In animal husbandry, dairy cattle is one of domestic animal species that is withheld from maternal care by separating cow and calf shortly after birth. Receiving no or limited maternal care may not only affect the health and welfare of the young animal, but may also influence social and biological functioning later in life as dairy cow. Knowledge on the effects of maternal care on adaptive capacity and resilience in dairy cattle is currently lacking. Moreover, especially long-term effects of cow-calf contact and suckling on calves’ social and biological development are unknown. This project aims to investigate rearing methods with different levels and components of maternal care. Objectives are to determine i) which cow-factors (e.g. colostrum, suckling, tactile stimulation, physical contact) are most relevant for calf health and welfare; and ii) if these potential factors can be mimicked or implemented in practice. It is hypothesised that optimal rearing conditions improve resilience, adaptive capacity and disease resistance later in life during critical phases including weaning, transition period and transport between facilities. Therefore, several levels and durations of maternal contact as well as different separation and weaning methods are examined with regard to their impact on behavioural, physiological, immunological, and microbiological response parameters throughout the rearing period and (early) adulthood in both male and female calves. Additionally, the relevance of suckling for both calf and cow is assessed using motivational response parameters. Ultimately, new scientific insights will be translated into practical methods to improve calf rearing practices on dairy farms.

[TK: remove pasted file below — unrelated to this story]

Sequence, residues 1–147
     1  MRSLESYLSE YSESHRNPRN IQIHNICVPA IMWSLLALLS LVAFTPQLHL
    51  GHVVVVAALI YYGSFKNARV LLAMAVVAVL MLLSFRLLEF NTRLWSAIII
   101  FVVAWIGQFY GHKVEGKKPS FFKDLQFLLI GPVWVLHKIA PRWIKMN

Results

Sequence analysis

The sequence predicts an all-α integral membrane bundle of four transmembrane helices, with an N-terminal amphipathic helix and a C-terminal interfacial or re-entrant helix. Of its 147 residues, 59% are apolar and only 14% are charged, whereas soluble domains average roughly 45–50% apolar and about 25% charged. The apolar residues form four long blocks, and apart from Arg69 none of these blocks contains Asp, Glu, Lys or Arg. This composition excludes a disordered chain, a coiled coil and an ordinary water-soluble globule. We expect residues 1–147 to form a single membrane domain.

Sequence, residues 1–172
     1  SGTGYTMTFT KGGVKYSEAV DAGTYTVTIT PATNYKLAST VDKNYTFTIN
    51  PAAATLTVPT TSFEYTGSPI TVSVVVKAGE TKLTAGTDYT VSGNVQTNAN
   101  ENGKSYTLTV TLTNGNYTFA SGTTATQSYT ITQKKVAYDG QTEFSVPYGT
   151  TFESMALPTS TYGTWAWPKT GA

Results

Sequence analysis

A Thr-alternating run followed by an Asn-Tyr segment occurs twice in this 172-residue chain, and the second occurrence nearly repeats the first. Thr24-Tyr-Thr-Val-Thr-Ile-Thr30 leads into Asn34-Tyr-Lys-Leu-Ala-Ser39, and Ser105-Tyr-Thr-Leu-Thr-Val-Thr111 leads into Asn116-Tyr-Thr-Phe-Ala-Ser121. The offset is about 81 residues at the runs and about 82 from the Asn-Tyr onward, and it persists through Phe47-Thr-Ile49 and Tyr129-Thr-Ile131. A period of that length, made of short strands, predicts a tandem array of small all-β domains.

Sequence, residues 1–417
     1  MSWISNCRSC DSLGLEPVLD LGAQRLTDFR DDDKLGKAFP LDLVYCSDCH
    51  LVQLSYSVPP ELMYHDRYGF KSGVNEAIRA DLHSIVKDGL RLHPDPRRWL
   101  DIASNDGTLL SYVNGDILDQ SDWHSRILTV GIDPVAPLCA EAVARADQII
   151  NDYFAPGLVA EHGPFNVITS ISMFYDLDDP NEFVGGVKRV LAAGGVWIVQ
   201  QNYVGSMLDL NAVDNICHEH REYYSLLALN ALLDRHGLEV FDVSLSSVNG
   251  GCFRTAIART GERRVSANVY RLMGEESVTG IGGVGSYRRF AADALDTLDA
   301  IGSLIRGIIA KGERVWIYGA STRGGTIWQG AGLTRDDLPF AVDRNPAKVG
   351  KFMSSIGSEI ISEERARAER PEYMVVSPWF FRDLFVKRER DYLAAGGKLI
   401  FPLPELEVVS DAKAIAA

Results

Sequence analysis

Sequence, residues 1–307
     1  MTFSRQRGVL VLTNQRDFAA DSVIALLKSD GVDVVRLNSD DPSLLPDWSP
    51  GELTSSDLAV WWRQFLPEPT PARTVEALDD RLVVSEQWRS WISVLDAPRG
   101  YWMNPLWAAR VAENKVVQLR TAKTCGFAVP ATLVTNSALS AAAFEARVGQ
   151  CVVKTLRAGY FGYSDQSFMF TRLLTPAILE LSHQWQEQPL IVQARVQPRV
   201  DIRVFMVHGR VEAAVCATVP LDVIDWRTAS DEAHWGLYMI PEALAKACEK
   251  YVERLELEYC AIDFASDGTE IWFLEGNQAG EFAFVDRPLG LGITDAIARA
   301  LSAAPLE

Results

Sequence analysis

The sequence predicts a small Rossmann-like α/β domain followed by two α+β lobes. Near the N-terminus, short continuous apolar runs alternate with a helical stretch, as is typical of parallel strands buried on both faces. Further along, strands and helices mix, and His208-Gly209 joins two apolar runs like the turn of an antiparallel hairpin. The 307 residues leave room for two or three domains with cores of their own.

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Taal van het document: Engels
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Keywords in English: dairy cows, calves, suckling, bonding, motivation, cow-calf contact